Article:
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November 09, 2022
Herbal baths are a great way to relax at the end of the day. Adding herbs to your bath routine provides several health benefits ranging from relaxing aromatherapy to improved circulation, detoxification and skin health. Read on for recipes and recommendations about our favorite herbal baths.
For a simple herbal bath, we first prepare a concentrated herbal "tea" to add to our regular bathwater. We recommend against adding dried herbs directly to the bathwater, for two reasons: (1) the water temperature is not high enough to draw out the full medicinal benefits of the herbs, and (2) the herbal material can easily clog your drain if you're not careful to skim it out before draining the tub.
For making the herbal tea, a good rule of thumb is to use 1 ounce of dried herb for each quart of water. If you don't have a scale handy, use 1 TBSP of dried herb per 8 ounces of water. We recommend preparing at least two cups of herb-infused water to add to your bathwater. For a stronger bath, use four or more cups.
For delicate, aromatic herbs like chamomile, lavender, lemon balm, yarrow or rose: pour freshly boiled water over the herbs, cover (to prevent those precious essential oils from evaporating), and steep for around 10 minutes. Strain the herbal material out. Draw your bath and add the infused herbal tea water to your bathwater.
For hardier, woody, or resinous herbs like calendula, ginger, roots or tree barks: get an appropriately sized sauce pan or stock pot, fill with your measured water, and bring to a boil on the stove. Once water is boiling, reduce heat to low for a gentle simmer. Add your herbs, cover, and stir occasionally for 20 minutes. Take off heat, carefully strain, and add your The technical name for this process is making an herbal "decoction." This method helps break down hard herbal materials like barks, roots and seeds, and draws out the medicinal properties in resinous herbs. Add the strained liquid to your bathwater.
There are several optional additions you that can complement your herbs and elevate your bath. Most popular are probably bath salts like epsom salt, dead sea salt, or himalayan pink salt. Salts, especially epsom salt, can help relax sore muscles. Oats are another classic addition which adds an extra skin-soothing dimension. We recommend whole rolled oats contained in a muslin bag. Powdered milk (cow's milk or coconut milk) is gaining popularity as a bathing ingredient - it's said that the lactic acid in cow's milk helps gently exfoliate dry skin. Another nice addition is clay - bentonite or French green clay are said to provide a mineral-rich bathing experience and also promote detoxification. When adding clay, first mix the clay with warm water until fully dissolved, then add to the bath. Anywhere between 1/4 cup to 1 cup of clay is recommended per bath.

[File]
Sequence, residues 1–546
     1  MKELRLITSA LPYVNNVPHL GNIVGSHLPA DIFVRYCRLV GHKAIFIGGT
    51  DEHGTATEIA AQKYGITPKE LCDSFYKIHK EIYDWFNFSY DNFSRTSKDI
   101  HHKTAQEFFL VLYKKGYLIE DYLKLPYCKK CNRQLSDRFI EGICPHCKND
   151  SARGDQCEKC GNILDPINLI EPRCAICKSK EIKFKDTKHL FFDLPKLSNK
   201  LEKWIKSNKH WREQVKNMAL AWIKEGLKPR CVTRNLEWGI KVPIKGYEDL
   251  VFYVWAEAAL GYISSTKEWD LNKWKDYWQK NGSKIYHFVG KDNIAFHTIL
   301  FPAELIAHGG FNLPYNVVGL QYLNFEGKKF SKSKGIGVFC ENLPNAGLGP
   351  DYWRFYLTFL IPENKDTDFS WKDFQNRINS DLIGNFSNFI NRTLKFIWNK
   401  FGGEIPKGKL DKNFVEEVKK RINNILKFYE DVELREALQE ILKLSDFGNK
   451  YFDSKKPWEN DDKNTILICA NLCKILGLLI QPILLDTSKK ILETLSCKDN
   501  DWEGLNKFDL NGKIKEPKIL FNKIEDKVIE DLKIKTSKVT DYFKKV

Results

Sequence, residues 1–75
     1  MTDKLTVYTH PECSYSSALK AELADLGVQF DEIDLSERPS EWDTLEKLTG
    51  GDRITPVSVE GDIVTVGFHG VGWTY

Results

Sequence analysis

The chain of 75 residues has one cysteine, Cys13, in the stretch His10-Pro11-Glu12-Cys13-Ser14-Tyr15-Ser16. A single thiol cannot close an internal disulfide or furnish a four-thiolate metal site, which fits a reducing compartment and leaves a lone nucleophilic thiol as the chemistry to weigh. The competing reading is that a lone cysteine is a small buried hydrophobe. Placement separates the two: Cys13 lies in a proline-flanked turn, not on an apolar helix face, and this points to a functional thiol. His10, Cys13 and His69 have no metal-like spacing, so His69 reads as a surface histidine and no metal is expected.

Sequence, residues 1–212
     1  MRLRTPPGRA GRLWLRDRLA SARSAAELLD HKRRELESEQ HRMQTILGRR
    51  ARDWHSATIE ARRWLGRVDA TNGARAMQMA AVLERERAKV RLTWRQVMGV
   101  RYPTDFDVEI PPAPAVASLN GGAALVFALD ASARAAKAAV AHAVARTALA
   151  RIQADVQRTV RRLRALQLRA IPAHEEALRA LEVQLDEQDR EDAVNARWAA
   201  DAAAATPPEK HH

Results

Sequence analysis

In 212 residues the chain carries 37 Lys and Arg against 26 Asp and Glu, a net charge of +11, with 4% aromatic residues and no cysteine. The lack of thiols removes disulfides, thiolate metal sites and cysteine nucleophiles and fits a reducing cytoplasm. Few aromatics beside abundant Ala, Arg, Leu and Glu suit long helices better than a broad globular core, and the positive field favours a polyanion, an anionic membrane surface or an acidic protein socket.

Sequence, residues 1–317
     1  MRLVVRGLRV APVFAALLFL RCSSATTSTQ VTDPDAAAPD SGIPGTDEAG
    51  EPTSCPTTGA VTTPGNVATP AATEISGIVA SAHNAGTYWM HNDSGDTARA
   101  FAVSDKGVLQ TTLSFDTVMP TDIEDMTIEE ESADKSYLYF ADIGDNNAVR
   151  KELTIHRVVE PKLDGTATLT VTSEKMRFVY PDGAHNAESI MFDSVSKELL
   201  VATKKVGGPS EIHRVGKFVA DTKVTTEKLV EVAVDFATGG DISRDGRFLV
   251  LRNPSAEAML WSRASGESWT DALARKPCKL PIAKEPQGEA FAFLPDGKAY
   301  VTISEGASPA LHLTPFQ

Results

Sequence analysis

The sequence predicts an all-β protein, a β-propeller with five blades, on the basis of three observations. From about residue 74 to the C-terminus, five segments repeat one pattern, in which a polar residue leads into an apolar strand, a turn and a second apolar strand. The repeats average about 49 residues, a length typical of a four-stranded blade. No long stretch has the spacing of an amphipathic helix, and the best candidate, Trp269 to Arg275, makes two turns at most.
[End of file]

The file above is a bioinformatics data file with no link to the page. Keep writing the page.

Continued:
Chamomile relaxes the mind, body and spirit, and soothes the skin. It can be particularly helpful for itchy, red, or rashy skin. It has a pleasant apple-like aroma that has a wide appeal. It is very gentle and safe, making it a great choice for children of all ages, including infants.
Calendula is a staple skin healing herb. It helps speed wound healing, especially cuts and scrapes. Calendula improves the circulation of lymph, calms dry skin, and also has anti-microbial action. A Calendula bath would be appropriate to help ease skin irritations like rashes, bug bites, topical yeast infections, cat scratches, and extremely dry, cracked skin.
Lavender is another calming herb that is perfect for a unwinding after a long day. Lavender helps alleviate stress, anxiety, and tension. Studies have shown that diffusing lavender essential oil in the bedroom can help people fall asleep more quickly and sleep more soundly. It has a stronger, medicinal and floral scent compared to Chamomile. A mixture of the two is quite nice. Lavender also has a general cleansing and antimicrobial activity.
Ginger is a warming herb that is helpful for alleviating muscle pain and soreness. It has a pleasant spicy, earthy scent that has a grounding and centering effect. A ginger bath would be recommended for anyone with stiff, painful, achey muscles or joints.
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